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A picture of a Albany Cycad

Albany Cycad

Encephalartos latifrons

Full Sun
Advanced care
Moderate watering
Tender

H3-H1c

RHS hardiness

-5°C

Minimum temperature

Expected size

Height
Spread

3m

Max

3m

2m

Min

2m

More images of Albany Cycad

Encephalartos latifrons, female plant and cone
Encephalartos latifrons, male plant and cone
Encephalartos latifrons, broad-fronded leaves.
Encephalartos latifrons, one of the original plants collected by Pearson, planted in Kirstenbosch in 1914.
Encephalartos latifrons, young plant.

Albany Cycad Overview

The endangered Albany cycad is indigenous to the Bathurst and Albany districts of the Eastern Cape. The tall-growing cycad is characterised by 1,5 m curving foliage and a skirt of orange-brown dead leaves. Leaves are a glossy-green. The female cone is egg-shaped, 50 - 60 cm in length, and produces red seeds.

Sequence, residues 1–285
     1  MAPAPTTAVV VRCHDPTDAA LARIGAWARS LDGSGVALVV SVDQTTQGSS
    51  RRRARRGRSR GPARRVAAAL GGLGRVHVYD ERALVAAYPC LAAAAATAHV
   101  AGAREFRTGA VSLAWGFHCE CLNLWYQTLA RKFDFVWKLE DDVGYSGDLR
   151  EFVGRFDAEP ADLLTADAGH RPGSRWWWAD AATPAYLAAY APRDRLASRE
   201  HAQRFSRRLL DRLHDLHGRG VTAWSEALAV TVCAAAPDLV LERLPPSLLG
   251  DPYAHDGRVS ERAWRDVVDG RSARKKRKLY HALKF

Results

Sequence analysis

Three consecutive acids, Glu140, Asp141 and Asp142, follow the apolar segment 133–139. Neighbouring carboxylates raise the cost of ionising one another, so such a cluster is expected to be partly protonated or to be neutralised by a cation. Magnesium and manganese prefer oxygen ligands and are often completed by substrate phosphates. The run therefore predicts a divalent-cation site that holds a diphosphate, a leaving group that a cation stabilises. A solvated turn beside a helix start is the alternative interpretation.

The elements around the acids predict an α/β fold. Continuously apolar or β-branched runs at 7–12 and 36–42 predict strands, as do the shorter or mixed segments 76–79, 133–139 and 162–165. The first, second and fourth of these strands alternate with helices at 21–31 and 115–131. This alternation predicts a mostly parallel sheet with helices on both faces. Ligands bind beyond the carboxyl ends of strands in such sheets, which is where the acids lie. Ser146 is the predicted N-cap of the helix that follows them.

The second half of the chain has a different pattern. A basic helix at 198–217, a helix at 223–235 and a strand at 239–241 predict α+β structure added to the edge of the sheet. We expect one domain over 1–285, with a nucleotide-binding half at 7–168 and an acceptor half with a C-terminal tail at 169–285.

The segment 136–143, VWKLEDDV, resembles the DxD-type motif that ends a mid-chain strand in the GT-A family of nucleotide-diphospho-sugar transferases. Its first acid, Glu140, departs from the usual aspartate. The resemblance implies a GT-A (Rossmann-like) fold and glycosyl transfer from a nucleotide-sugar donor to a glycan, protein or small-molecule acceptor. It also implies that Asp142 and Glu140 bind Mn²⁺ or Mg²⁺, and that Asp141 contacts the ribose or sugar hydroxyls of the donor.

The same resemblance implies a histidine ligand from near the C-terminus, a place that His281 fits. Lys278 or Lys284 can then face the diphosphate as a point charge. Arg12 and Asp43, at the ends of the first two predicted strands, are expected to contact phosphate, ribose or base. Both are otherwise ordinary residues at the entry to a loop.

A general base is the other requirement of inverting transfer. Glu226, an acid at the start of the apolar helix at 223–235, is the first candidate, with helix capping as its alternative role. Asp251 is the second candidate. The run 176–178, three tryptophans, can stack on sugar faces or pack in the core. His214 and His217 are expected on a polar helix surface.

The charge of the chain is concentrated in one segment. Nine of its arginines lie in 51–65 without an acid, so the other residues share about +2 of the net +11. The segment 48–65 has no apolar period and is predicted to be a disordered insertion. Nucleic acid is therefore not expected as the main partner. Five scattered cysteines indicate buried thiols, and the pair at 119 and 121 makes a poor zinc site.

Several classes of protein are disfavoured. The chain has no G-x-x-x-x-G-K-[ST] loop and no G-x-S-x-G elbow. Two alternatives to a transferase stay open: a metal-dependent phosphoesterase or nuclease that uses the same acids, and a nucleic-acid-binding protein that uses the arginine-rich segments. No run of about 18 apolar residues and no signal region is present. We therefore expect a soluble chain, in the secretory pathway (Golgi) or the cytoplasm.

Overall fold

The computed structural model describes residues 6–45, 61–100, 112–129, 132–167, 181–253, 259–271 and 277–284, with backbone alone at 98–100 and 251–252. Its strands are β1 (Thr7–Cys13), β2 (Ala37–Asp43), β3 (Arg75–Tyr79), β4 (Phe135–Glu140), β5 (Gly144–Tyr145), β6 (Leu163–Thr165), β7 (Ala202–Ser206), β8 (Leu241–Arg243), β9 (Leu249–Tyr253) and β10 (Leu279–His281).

Common problems with Albany Cycad

Few, but include mealy bug and scale insects. Good drainage will prevent fungal diseases.

How to harvest Albany Cycad

Harvest seed when mature(color)

How to propagate Albany Cycad

Seed

Naked seeds grow on female plants and need pollen from male plants to be fertile. Sow fresh fertile seeds in sandy soil and keep warm and moist. Germination can take 1-3 months.

Suckers

Allow suckers to grow attached to the motherplant for about two years until they have enough reserves to survive on their own. Remove with a clean cut and use flowers-of-sulphar to help the wounds to heal.

Special features of Albany Cycad

Pot plant

Indoor plant

Drought resistant

Other uses of Albany Cycad

Ornamental

Edible

The Afrikaans name 'Broodboom' came from the traditional use of the pith as bread - note that Cycads is toxic and it needs a 3month fermentation process to break down those toxins!